Tag: Timothy Geithner

Was Not Helping Underwater Homeowners a Massive Mistake?

 

091813housing-600x353In their much-praised new book, House of Debt, economists Atif Mian and Amir Sufi argue the 2000s housing crash caused a much worse recession than the tech-stock crash because asset losses were more heavily concentrated among the 99% — who then stopped spending. The burst Internet stock bubble, on the other hand, “concentrated losses on the rich, but the rich had almost no debt and didn’t need to cut back their spending.”

Which raises the following counterfactual: what if Washington had pushed massive relief for underwater homeowners?

Former Obama Treasury Secretary Timothy Geithner doesn’t think something like a principal reduction scheme would have helped much. As he wrote in his new book, Stress Test: “We did not believe, though we looked at this question over and over, that a much larger program focused directly on housing could have a material impact on the broader economy.”

Congress Can’t Wash Away the Executive Branch’s Sins

 

The stakes could not be any larger in the multi-billion dollar financial dispute pitting a large group of institutional investors in Fannie Mae and Freddie Mac against the United States government. Thus far, the debate has largely taken place in the courts, and I have commented extensively on the fundamental weakness of the government’s effort to sign away the rights of these investors through a deal entered into by the Federal Housing Finance Authority and the Treasury Department.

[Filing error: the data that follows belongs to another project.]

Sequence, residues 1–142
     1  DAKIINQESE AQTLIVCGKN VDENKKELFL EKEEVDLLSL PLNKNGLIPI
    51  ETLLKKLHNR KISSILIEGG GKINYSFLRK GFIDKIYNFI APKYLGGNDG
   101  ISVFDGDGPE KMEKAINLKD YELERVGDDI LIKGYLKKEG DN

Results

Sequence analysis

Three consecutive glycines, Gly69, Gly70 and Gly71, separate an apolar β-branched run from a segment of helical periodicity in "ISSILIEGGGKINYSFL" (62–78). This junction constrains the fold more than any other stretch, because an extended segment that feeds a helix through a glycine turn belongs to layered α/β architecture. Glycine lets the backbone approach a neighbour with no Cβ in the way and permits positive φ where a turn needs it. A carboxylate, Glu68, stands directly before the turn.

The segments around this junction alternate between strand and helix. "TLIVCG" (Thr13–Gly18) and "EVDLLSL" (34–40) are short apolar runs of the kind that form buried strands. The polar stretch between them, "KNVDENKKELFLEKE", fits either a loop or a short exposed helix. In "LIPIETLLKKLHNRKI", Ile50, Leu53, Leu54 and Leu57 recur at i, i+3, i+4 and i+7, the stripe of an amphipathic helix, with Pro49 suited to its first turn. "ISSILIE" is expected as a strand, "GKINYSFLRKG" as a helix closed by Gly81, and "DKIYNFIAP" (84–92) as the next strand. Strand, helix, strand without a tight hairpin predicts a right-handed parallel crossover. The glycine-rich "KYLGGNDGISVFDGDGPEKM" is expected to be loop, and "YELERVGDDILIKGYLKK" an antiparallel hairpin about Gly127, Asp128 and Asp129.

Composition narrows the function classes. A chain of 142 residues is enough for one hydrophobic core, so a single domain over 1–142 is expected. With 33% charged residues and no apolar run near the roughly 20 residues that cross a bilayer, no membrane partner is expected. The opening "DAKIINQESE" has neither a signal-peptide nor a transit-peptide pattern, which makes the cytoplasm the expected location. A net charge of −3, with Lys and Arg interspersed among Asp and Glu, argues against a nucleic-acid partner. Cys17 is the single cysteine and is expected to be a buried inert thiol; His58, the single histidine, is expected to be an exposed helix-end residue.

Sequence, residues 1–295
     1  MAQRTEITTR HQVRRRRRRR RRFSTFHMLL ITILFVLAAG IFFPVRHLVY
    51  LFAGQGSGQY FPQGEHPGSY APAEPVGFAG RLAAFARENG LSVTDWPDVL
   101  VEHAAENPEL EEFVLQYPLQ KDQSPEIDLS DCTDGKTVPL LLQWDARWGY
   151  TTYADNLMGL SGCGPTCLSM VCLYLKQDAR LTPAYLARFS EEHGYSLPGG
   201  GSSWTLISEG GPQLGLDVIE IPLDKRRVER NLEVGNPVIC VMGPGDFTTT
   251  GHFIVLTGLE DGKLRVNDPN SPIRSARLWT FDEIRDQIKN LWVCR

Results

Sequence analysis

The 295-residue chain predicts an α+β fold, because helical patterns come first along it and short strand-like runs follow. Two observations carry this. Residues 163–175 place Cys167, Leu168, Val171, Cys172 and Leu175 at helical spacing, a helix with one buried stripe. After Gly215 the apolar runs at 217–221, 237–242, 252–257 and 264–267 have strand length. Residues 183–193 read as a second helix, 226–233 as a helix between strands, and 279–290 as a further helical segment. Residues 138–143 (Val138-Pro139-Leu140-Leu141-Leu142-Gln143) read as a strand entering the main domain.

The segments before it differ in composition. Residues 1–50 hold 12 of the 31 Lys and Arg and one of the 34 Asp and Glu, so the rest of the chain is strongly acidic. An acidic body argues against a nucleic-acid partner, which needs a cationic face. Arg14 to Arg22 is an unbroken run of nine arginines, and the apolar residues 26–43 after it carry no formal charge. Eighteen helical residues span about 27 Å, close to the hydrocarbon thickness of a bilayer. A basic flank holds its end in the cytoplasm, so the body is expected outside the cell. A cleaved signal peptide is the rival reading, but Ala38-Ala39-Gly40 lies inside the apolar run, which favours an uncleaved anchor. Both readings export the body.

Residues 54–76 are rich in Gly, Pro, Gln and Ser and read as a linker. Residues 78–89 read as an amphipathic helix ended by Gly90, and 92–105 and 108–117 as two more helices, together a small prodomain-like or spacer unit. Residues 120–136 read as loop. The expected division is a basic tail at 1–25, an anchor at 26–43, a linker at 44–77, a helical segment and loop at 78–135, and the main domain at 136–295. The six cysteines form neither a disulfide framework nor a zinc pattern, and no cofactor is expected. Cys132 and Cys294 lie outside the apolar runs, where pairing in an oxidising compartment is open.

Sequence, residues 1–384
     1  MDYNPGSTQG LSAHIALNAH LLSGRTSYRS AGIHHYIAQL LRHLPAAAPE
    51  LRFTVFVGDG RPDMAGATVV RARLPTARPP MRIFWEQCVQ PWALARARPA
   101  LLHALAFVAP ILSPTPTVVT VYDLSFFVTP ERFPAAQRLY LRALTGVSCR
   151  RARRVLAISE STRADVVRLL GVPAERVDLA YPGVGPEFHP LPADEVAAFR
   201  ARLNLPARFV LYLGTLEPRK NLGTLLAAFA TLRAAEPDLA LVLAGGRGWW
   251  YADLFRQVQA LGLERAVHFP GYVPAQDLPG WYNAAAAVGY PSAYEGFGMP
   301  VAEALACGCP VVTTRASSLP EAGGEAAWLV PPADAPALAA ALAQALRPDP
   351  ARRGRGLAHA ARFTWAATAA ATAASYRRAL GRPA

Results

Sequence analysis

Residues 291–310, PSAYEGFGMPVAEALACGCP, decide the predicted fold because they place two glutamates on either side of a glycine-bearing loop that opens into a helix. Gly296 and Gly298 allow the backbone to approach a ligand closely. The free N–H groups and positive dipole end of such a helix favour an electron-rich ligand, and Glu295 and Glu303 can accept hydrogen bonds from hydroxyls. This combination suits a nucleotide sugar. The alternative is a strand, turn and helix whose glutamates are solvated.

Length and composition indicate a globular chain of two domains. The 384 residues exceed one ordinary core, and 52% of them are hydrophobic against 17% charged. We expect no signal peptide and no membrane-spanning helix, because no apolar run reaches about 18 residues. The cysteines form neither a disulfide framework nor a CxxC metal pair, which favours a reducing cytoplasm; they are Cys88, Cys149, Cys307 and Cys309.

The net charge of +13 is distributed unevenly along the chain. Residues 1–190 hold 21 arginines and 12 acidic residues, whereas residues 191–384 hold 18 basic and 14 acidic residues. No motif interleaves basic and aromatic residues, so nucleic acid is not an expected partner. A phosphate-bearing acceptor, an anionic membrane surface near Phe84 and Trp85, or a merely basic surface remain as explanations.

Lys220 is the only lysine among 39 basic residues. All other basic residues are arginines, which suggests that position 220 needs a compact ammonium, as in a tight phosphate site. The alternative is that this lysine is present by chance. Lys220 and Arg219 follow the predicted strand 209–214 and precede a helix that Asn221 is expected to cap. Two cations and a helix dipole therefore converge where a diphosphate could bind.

That debate has how spilled over in to the political arena. Right now, the main mission of the Senate Banking Committee’s Johnson-Crapo housing finance bill is to develop a new framework for future residential home mortgages. Unfortunately, the bill also tries to ditch the many lawsuits brought by private shareholders of Fannie and Freddie Mac against the government for existing claims. While the authors of the bill continue to claim that the proposed legislation leaves the issues relating to investors’ rights to the courts, Section 604 of the bill declares that the August 17, 2012, Third Amendment to the original Senior Preferred Stock Purchase Agreement (SPSPA) “shall not be amended, restated, or otherwise changed to reduce the rate or amount of dividends” and thus perpetuates the government’s right to take all the profits from the two companies.